Narcan and Opioid Overdose Prevention
Narcan, or nasal naloxone, is a form of naloxone which is administered by a nasal spray.
- Narcan (naloxone) can temporarily reverse an opiate overdose.
- There are several pilot programs in Massachusetts that train people in the community (everyone can be trained) to become a Narcan (naloxone) responder. Call 800-327-5050 to find a location closest to you.
- Narcan (naloxone) can't make a person high.
- Narcan (naloxone) comes in a nasal spray that is given in the nose.
- Narcan (naloxone) takes 2 to 3 minutes to work and can last from 30 to 90 minutes.
- Even with the use of Narcan (naloxone), you must still call 911 in the event of an overdose!
There is a standing order in Massachusetts for pharmacies to carry naloxone, which you no longer need a prescription from your doctor to obtain. If you are close to someone who is at risk for an opioid overdose and need to have Narcan (naloxone) on hand, please contact one of the following:
- Lowell Community Health Center at 978-221-6767
- Lowell House Addiction Treatment and Recovery 978-459-8656
- Learn to Cope at 508-738-5148
- The Massachusetts Substance Abuse Information and Education Helpline at 800-327-5050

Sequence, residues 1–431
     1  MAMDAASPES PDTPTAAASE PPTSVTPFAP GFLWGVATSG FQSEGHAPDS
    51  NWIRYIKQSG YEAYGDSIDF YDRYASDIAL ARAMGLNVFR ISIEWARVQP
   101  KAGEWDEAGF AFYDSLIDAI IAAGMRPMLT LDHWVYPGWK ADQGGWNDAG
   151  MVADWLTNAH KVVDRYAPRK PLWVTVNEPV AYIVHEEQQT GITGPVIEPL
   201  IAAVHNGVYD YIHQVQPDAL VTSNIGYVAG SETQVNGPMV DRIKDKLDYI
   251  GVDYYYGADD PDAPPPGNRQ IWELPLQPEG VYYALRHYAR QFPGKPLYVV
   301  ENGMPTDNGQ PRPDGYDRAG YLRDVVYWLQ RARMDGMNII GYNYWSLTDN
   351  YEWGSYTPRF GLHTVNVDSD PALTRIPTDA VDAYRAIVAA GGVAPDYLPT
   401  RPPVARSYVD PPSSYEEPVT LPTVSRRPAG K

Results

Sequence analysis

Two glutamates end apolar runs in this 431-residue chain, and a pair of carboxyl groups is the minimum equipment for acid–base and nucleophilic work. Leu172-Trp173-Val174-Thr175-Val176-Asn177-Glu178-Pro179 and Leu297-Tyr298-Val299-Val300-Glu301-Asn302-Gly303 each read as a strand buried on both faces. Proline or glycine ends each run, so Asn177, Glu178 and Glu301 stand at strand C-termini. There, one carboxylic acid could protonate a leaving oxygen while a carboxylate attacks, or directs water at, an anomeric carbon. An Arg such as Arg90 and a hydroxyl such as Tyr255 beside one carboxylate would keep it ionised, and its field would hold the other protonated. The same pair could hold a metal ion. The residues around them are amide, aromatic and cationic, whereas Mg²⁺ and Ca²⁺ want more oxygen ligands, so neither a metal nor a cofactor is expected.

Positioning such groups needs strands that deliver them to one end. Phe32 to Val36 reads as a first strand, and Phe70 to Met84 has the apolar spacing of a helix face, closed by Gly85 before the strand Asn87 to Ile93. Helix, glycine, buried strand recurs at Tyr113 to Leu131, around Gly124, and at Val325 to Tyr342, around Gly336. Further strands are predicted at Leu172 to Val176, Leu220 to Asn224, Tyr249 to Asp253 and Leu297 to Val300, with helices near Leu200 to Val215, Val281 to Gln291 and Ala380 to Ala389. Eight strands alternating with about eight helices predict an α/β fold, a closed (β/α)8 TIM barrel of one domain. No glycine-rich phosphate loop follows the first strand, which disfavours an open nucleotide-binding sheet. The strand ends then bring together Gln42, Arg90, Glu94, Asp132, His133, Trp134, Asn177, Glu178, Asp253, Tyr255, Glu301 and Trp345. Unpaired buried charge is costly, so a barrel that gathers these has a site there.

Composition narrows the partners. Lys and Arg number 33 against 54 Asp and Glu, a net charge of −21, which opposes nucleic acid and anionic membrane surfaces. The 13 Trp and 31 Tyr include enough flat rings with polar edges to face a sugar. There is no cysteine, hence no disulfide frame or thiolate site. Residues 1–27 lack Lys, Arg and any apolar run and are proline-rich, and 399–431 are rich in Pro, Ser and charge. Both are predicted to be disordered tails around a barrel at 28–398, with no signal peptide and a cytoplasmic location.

Recognize & Respond to an Opioid Overdose
An opioid overdose is a medical emergency!
Recognize an Overdose
- Blue lips or fingernails
- Clammy cool skin
- No response to either the knuckles or the breastbone being rubbed hard
- No response to yelling
- Person won't wake up
- Seizures or convulsions
- Shallow, Slow Breathing
Responding to an Overdose
- Call 911
- Give the operator/dispatcher the address.
- Tell them that the person is not breathing.
- Stay with the person if you can.
- While you wait for the ambulance
- Administer Narcan, if you have it (if available, administer one dose every three minutes until the person has responded)
- Conduct rescue breathing if the person is not breathing.
- If the person is breather, put the person on his/her side (recovery position) to prevent them from choking on their own vomit.